Two more former Northwestern football players say they experienced racist treatment in early 2000s

CHICAGO (AP) — Two more former Northwestern University football players came forward Friday saying they experienced racist treatment during their time on the team in the early 2000s.

Noah Herron and Rico Lamitte said Black players were pressured to conform to white norms and faced unfair punishments. They spoke at a news conference hosted by Salvi, Schostok & Pritchard, a Chicago law firm representing more than 50 former Northwestern athletes. Attorney Patrick Salvi said Herron and Lamitte are not plaintiffs in any lawsuits “as of right now.”

Herron, a star running back at Northwestern from 2000 to 2004 who played in the NFL, said Black players with braids and longer hair were told to cut it even though white players were allowed to wear their hair long.

“Northwestern not only treated players of color differently than our white teammates, but they tried to conform us in our appearance to resemble white teammates — or what Northwestern would consider ‘the Wildcat Way,’” Herron said. “Northwestern recruited me as a football player, but refused to see me and accept me as a man — a Black man who was and is proud of my race and culture.”

Lamitte, who played under the name Rico Tarver from 2001 to 2005, said he and other Black players were told by the football staff they needed to change the way they acted and dressed. He recalled being a few feet from Rashidi Wheeler when he died during practice in 2001 and said the team wasn't given the chance it needed to heal.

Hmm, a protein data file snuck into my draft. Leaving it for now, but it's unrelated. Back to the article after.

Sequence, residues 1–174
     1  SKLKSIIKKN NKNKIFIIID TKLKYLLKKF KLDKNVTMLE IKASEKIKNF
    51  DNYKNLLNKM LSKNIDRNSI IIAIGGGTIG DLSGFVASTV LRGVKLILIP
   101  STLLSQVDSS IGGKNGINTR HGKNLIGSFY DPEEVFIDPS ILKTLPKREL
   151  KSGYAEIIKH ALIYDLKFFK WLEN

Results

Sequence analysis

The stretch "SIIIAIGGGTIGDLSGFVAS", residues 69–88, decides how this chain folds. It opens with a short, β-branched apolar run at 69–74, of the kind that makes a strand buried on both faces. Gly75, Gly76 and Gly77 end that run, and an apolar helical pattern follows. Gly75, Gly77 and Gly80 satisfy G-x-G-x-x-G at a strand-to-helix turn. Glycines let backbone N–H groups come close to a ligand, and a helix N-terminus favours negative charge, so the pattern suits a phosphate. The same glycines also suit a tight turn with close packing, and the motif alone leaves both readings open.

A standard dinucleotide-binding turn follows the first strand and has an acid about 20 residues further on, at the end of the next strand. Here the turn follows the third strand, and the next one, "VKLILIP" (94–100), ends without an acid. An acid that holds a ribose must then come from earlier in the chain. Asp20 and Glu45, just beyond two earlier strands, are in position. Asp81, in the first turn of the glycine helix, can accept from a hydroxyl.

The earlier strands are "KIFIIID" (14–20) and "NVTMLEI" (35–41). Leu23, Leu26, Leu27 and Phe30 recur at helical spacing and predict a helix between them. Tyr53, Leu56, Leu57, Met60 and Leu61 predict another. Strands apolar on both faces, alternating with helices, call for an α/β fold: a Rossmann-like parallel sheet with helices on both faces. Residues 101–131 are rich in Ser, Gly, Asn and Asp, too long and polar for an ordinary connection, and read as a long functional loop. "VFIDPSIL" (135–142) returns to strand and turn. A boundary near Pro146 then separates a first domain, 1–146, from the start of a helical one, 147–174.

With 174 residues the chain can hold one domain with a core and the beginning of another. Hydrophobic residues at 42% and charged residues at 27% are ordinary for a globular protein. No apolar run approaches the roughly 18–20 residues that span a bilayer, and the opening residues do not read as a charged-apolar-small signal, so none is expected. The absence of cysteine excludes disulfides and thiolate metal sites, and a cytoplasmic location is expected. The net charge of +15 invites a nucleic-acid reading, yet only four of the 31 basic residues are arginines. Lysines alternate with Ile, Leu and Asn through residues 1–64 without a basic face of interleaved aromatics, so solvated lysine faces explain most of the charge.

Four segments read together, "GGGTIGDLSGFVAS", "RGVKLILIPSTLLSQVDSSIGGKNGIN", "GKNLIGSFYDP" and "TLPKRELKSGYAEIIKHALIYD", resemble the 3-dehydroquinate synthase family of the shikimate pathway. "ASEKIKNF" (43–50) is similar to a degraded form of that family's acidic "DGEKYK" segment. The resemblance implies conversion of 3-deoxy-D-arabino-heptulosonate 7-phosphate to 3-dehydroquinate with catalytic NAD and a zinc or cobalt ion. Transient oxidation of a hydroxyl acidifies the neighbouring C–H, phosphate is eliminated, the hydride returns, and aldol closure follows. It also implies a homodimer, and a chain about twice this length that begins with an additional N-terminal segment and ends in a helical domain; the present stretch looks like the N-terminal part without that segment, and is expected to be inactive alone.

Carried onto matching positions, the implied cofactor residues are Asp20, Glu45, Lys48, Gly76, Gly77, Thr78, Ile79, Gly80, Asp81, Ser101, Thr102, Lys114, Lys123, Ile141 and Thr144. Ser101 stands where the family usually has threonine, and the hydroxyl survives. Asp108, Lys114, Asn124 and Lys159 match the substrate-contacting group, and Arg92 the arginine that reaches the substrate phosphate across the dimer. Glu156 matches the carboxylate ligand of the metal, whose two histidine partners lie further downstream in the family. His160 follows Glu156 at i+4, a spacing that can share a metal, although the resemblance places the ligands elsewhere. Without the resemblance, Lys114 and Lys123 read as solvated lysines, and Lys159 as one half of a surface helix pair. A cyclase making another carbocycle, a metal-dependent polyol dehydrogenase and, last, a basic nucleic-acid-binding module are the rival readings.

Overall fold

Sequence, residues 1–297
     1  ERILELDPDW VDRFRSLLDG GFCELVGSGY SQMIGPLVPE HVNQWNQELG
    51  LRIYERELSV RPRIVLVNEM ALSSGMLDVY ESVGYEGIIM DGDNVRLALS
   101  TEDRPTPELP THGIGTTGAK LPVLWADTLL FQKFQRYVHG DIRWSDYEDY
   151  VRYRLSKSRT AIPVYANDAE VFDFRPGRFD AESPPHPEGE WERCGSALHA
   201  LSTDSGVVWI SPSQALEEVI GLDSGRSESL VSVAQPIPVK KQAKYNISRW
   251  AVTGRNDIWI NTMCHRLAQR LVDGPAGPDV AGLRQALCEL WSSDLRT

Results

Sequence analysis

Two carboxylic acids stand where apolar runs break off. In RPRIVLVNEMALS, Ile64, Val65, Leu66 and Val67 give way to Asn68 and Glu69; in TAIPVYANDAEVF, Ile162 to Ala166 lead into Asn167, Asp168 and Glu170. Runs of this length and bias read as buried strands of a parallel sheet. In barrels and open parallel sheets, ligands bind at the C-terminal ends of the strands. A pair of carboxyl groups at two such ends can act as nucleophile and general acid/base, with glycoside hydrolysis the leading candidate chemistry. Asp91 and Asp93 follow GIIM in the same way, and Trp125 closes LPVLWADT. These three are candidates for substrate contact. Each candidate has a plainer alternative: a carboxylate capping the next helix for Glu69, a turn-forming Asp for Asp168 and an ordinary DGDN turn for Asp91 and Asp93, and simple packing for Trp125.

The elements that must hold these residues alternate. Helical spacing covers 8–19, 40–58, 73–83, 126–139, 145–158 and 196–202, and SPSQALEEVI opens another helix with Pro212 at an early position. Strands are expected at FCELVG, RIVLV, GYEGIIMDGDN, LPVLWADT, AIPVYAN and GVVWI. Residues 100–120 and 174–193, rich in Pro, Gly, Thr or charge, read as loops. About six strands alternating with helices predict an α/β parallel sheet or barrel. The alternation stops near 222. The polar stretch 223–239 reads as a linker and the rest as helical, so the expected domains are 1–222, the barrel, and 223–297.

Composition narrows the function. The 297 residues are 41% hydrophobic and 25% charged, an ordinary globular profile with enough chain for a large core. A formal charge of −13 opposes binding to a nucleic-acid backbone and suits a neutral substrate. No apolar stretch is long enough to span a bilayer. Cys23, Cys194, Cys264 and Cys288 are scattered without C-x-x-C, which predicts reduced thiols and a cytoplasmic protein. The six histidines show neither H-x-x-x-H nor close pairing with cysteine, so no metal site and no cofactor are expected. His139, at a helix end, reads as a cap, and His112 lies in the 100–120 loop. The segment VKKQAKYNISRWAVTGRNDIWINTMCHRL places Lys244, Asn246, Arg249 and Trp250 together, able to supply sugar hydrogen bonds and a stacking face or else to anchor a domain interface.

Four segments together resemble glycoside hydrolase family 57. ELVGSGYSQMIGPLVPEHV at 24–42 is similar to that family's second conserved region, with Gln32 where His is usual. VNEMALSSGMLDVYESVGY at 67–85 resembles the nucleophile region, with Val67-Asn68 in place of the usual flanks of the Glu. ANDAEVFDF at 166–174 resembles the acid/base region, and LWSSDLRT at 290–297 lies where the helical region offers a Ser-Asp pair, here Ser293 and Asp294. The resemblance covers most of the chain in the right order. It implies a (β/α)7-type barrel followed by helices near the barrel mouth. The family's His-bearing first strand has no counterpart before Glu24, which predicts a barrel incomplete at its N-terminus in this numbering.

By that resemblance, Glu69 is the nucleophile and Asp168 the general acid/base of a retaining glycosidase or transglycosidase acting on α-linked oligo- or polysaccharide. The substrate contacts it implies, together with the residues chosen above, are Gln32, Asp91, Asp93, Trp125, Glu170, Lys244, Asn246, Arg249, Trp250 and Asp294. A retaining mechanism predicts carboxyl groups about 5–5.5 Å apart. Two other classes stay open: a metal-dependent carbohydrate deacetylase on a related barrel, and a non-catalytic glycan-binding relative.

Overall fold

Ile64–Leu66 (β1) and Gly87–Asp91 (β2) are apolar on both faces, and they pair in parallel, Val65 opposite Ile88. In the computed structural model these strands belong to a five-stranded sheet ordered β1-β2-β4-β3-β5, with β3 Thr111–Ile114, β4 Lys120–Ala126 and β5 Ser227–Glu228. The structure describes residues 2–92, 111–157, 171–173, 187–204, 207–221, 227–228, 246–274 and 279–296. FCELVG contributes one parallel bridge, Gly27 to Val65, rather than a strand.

“That set the tone for what I would experience over the next 4 1/2 years of my life,” he said. “I was threatened and forced to conform to the ‘Wildcat Way,’ a toxic environment that had no room or tolerance for me as a Black man.”

The head coach when Herron and Lamitte played was Randy Walker. Pat Fitzgerald, an assistant at the time, took over in 2006 following Walker's death and led the Wildcats for 17 seasons.

He was fired in July, a few days after initially being suspended following an investigation by attorney Maggie Hickey of law firm ArentFox Schiff. That probe did not find “sufficient” evidence that the coaching staff knew about ongoing hazing but concluded there were “significant opportunities” to find out about it. Fitzgerald is suing the school for $130 million, saying his alma mater wrongfully fired him.

Northwestern is facing more than a dozen lawsuits across multiple sports with allegations including sexual abuse of players by teammates, as well as racist comments by coaches and race-based assaults. Northwestern hired former U.S. Attorney General Loretta Lynch three months ago to lead an investigation into the culture of its athletic department and its anti-hazing procedures.

“Hazing has no place at Northwestern,” the school said Friday. “Any claims of racially motivated hazing are not only disturbing but completely antithetical to our educational and athletics mission. We are and will always be committed to diversity, and we investigate any specific hazing allegation we receive to confirm that every Northwestern student feels safe and included.”


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